Teamwork: FosterCare.team Software Uses a Tech Approach to Assist Foster Families

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Published in Children’s Voice, Volume 28, Number 1

by Emily Shenk Flory

When Jason and Nikki Bays became foster parents in 2014, they knew the experience would be challenging. What they didn’t expect was the mass of notes, emails, and paperwork they would accumulate while trying to document the experiences of four children over several years. Six months into their journey as foster parents, they began to search for a better way to keep track of everything.

“We tried to find different solutions, but nothing really worked well,” Jason Bays says. His experience as a software developer and his wife’s background in education gave them the knowledge they needed to create a solution. They went on to adopt their foster children, and during that time they developed a collaborative platform that allowed them to keep journals about their children’s behaviors, share those updates with the therapists, caseworkers, and others working with their children, and talk to everyone in one place.

“FosterCare.Team was designed to address the issues we faced as foster parents,” Bays says. “We took the concept of a collaboration platform and customized it for child welfare.”

FosterCare.Team is web-based software that allows the team surrounding a child in foster care to communicate easily and efficiently. The site launched in April 2018 and is being used in seven states so far. “One worker said this is going to completely change child welfare, and I agree with that,” Bays says. “There’s no other software that does what we are doing.” The website’s intuitive, easy-to-use format works well on mobile devices, allowing team members to make updates on the go. There’s a dictation feature so caseworkers can speak their notes into the system after visits and foster parents can add journal entries in the moment. Team members can comment on posts to provide immediate support and feedback. To help with logistics, a scheduling tool finds times that all team members are free for meetings and a calendar feature keeps track of the child’s appointments, school events, and parent visits. Tasks can be assigned to specific people, along with reminders and deadlines for each task.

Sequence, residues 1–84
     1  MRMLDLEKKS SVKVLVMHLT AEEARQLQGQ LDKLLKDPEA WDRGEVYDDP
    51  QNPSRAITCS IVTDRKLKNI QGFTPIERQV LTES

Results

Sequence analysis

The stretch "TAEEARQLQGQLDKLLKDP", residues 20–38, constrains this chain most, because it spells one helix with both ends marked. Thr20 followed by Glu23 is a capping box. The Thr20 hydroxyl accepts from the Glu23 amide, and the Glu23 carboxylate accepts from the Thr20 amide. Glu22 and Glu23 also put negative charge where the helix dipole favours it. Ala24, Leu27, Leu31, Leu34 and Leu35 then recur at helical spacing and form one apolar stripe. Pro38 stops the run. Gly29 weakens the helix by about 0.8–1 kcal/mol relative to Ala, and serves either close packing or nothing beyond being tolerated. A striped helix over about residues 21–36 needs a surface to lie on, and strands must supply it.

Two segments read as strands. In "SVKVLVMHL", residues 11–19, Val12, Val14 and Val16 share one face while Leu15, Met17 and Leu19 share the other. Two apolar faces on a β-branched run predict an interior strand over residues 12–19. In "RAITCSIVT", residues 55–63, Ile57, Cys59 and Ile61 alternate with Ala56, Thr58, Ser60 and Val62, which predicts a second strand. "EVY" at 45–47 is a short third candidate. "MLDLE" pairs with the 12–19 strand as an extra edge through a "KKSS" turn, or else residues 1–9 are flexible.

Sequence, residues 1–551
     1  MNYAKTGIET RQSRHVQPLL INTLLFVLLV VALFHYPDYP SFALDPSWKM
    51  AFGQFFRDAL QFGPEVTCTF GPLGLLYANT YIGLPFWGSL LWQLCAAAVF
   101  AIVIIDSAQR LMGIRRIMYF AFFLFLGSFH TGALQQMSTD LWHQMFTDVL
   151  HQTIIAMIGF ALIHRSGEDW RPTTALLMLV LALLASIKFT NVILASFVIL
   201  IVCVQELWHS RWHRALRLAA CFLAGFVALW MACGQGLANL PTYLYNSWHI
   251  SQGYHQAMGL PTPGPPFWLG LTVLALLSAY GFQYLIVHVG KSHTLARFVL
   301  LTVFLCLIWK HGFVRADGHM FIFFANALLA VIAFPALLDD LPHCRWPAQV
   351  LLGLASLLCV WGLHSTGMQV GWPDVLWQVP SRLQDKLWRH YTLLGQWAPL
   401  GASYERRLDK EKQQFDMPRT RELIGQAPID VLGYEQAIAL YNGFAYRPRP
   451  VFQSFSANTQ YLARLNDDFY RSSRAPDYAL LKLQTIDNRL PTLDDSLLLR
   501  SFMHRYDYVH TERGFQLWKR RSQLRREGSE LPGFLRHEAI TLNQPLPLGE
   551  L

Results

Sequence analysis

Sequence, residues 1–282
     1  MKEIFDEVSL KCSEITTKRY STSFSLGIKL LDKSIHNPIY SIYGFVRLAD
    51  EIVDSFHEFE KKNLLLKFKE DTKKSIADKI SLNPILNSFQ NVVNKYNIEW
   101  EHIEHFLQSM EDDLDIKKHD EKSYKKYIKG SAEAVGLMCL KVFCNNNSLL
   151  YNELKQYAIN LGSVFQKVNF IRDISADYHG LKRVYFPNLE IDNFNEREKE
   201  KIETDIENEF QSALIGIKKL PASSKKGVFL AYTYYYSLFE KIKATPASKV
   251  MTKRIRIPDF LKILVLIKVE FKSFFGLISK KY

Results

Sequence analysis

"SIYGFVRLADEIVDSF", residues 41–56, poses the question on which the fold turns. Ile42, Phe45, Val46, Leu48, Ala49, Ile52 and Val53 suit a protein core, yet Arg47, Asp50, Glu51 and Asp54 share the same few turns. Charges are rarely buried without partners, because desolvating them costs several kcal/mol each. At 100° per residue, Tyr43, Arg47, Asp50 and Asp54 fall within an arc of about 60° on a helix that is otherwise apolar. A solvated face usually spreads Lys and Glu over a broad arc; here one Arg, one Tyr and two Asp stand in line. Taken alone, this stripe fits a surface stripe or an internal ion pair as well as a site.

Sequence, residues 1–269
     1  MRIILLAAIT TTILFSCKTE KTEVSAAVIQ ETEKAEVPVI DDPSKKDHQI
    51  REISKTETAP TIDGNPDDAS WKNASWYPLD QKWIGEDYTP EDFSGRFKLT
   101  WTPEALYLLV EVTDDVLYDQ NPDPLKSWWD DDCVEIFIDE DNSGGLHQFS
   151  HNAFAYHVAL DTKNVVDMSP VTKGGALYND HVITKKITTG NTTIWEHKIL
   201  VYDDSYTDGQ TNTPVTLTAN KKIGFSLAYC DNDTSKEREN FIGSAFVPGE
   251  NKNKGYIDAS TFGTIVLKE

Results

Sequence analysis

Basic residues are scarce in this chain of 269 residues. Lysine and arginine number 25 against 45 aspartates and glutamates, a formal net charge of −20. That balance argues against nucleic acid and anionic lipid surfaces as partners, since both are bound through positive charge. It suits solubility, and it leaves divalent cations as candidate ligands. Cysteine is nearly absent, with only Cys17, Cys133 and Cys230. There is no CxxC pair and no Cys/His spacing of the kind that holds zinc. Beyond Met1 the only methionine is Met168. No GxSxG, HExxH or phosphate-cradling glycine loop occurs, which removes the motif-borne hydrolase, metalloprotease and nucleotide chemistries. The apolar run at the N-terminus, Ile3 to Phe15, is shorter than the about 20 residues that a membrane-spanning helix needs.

Caseworkers often struggle with too many channels for communication. With information coming in from therapists, foster parents, supervisors, and others via text, phone calls, emails, Google Docs, Evernote, and voicemails, caseworkers might have to look several places to find what they’re looking for. Having one communication system with FosterCare.Team—especially one that’s searchable—helps them be much more organized and efficient.

“It changes the role of the worker,” says Bays. “She’s no longer chasing the information. She’s using the information to change a child’s life.”

When FosterCare.Team is used agency-wide, supervisors can see each of their caseworkers’ engagement on the platform, view charts with overviews of children’s behaviors, and observe how the agency’s foster parents are feeling. It can also be customized for each agency, with web-enabled versions of the agency’s forms, pre-loaded with the agency’s or caseworker’s information, and the ability to complete signatures online. Bays plans to integrate FosterCare.Team with other case management systems, including SACWIS.

Within the secure web-based portal, every feature has privacy options to allow users to select who can view what information. “We use banking-level encryption so everything that moves between the server and the browser is encrypted in transit,” Bays says. “HIPAA compliance is an important aspect of our platform.”

If a new person joins the child’s team, they can get up to date by viewing the child’s history on FosterCare.Team. Given the high turnover rates of foster parents and caseworkers, this kind of seamless transition is key. “Let’s say one caseworker leaves and another one enters the team—all that history is going to be there for them to look at and build upon,” Bays says. The history is easily searchable, so if a team member wants to track how often a certain behavior is happening, for example, getting that data is just a click away. “I don’t think a lot of agencies realize how important communication is. When there’s failure to communicate in the child welfare world, it’s a significant, life-changing event,” Bays says. “Part of my job is allowing data to tell a story.”

To read the rest of this article, login as a CWLA member or download this issue of Children’s Voice here.

Emily Shenk Flory is a writer and editor based in Washington, DC. Her work has appeared in the Washington Post and NationalGeographic.com.

About the Author:

Rachel Adams is the managing editor of CWLA's Child Welfare journal and the editor for Children's Voice magazine, CWLA textbooks, and curricula. She manages the weekly "Last Week in Child Welfare" blog, which features state-level updates on foster care, adoption, policy-making, juvenile justice, child protection, and other child welfare-related news.

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